Look at the birds of the air; they neither sow nor reap nor gather into barns, and yet your heavenly Father feeds them. Are you not of more value than they? And can any of you by worrying add a single hour to your span of life? And why do you worry about clothing? Consider the lilies of the field, how they grow; they neither toil nor spin, yet I tell you, even Solomon in all his glory was not clothed like one of these.

An Earth which contains birds and lilies, beloved in their own way by God, is not a prison for devils. At other times, Jesus speaks of the world as a place occupied by evil powers:

"Now is the judgment of this world; now the ruler of this world will be driven out." (John 12:31)
"I will no longer talk much with you, for the ruler of this world is coming. He has no power over me; but I do as the Father has commanded me, so that the world may know that I love the Father." (John 14:30-31)

The world does not rightly belong to the present "ruler of this world", but to God; Jesus came to liberate us from the lordship of evil. The Revelation culminates in "a new heaven and a new earth" (21:1), distinct from Hell which is thrown into "the lake of fire" (20:14). The new Earth is not an improved prison, but a new and better home for God and us: "The home of God is among mortals. He will dwell with them; they will be his peoples, and God himself will be with them" (21:3).

(All Biblical quotations are from the NRSV.)

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  • Revelation 20 happens after the day of Judgement. After the Second coming for it happens in the after the Second Resurrection. Therefore Hell, as you described, is not a place. The word 'hell' in the New Testament almost always refers to the tomb. – jlaverde Oct 11 '13 at 12:30

I saw satan as lightning fall from heaven doesn't mean Jesus saw satan cast out of heaven. Not only does Jesus not say specifically say, "I saw satan cast out of heaven", but from Lu 22:31 we know he was still appearing before God to petition Him.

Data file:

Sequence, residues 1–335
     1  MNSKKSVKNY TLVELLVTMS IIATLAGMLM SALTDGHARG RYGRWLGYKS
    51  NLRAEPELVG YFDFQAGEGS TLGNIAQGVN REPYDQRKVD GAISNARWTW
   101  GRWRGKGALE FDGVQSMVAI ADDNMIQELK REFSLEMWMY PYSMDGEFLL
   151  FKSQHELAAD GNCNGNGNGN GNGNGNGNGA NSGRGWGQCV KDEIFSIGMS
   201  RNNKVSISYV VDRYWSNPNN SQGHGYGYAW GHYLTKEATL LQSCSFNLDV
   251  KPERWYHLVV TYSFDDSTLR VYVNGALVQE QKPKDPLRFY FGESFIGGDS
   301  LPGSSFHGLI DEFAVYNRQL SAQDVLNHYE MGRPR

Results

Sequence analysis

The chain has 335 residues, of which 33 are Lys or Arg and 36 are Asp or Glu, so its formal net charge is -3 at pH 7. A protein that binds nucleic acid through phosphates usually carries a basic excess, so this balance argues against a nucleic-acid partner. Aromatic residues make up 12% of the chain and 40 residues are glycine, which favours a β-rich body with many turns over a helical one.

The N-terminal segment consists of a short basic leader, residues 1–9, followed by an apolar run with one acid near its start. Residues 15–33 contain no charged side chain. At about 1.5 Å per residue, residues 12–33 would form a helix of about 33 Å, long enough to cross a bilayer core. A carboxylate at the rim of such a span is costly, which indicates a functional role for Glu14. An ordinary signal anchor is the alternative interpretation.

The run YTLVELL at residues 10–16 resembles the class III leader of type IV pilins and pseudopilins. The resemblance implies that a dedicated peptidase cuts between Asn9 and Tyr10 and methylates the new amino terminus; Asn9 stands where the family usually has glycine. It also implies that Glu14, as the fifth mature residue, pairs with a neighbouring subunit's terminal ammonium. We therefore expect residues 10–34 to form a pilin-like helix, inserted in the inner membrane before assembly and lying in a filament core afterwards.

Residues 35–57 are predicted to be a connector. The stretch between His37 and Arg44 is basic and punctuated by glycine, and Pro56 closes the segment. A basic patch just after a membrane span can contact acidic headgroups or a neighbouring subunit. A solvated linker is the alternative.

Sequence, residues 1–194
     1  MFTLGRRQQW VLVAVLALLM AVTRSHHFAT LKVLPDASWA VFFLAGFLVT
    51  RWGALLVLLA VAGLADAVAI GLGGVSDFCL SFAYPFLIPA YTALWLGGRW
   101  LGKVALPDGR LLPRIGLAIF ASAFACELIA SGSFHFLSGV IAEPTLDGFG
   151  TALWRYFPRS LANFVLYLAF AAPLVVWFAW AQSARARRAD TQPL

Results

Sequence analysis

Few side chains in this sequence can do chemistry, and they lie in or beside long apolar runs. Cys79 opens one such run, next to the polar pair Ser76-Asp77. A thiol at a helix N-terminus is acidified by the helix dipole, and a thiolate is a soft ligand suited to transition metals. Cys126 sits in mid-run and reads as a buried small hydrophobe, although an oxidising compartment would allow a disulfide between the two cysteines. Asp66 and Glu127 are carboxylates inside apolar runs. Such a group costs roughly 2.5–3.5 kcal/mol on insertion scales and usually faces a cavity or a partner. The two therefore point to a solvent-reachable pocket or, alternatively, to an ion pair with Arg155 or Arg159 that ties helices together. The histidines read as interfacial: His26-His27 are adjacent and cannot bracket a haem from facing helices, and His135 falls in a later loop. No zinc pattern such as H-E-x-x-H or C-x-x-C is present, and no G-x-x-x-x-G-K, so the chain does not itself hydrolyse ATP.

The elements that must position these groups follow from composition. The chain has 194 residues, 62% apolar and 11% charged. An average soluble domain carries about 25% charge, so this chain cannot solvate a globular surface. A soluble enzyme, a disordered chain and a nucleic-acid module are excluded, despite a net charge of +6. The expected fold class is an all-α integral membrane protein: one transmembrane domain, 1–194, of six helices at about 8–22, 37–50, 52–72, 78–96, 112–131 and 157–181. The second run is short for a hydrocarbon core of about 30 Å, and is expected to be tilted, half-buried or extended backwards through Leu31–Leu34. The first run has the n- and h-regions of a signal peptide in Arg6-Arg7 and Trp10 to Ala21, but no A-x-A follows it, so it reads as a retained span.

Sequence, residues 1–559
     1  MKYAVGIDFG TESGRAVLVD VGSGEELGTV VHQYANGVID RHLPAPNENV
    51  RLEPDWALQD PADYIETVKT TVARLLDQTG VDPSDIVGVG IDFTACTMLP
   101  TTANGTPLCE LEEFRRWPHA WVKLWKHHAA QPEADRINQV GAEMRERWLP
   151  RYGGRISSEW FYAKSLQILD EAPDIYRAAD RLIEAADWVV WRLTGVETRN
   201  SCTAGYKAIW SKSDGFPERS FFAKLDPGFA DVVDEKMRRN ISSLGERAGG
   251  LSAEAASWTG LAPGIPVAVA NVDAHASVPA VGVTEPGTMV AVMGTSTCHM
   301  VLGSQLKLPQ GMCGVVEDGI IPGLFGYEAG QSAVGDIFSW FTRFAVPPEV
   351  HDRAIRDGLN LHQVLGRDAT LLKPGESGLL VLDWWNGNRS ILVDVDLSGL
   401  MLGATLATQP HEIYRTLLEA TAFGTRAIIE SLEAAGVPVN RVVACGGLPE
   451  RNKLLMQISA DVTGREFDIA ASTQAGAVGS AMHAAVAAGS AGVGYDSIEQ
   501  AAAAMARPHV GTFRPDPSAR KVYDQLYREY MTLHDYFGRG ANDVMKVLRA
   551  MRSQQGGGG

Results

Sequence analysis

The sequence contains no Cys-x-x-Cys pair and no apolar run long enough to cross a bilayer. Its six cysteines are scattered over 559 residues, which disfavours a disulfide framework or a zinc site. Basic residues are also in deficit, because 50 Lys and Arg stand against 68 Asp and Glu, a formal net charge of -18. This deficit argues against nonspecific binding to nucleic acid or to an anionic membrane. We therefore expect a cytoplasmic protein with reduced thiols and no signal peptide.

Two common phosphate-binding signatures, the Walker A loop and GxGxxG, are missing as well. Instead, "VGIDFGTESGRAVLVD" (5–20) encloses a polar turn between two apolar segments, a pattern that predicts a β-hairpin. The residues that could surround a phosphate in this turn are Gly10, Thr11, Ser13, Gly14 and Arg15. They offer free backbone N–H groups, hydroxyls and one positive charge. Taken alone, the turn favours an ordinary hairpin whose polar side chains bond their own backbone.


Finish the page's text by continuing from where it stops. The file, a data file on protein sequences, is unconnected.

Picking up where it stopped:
It means He saw satan fall. In particular, it was as a consequence of the activities of seventy of Jesus' disciples, whom Jesus sent into the cities at the beginning of the chapter.

Lu 10:1 After these things the Lord appointed other seventy also, and sent them two and two before his face into every city and place, whither he himself would come. 2 Therefore said he unto them… 9 …heal the sick that are therein, and say unto them, The kingdom of God is come nigh unto you… 17 And the seventy returned again with joy, saying, Lord, even the devils are subject unto us through thy name. 18 And he said unto them, I beheld Satan as lightning fall from heaven. 19 Behold, I give unto you power to tread on serpents and scorpions, and over all the power of the enemy: and nothing shall by any means hurt you.

In other words, Jesus' ministry was causing such havoc in satan's rule over Earth, that he rushed to Earth personally to see what was going on.

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  • @ Huperniketes You have to be kidding me. Jesus was obviously warning them not to get too prideful, and telling them that that was the reason Satan was ejected from Heaven. He accentuated that in verse 10:20, in telling them Rejoice for the right reason. – BYE Jan 14 '14 at 14:41
  • You might also note That Jesus that he fell not was banned. The word fell does not have to be a physical falling, it could also refer to the refer to Lucifer having fallen from his lofty position in Heaven and now occupying a position of disdain. Which is my interpretation. – BYE Jan 14 '14 at 14:48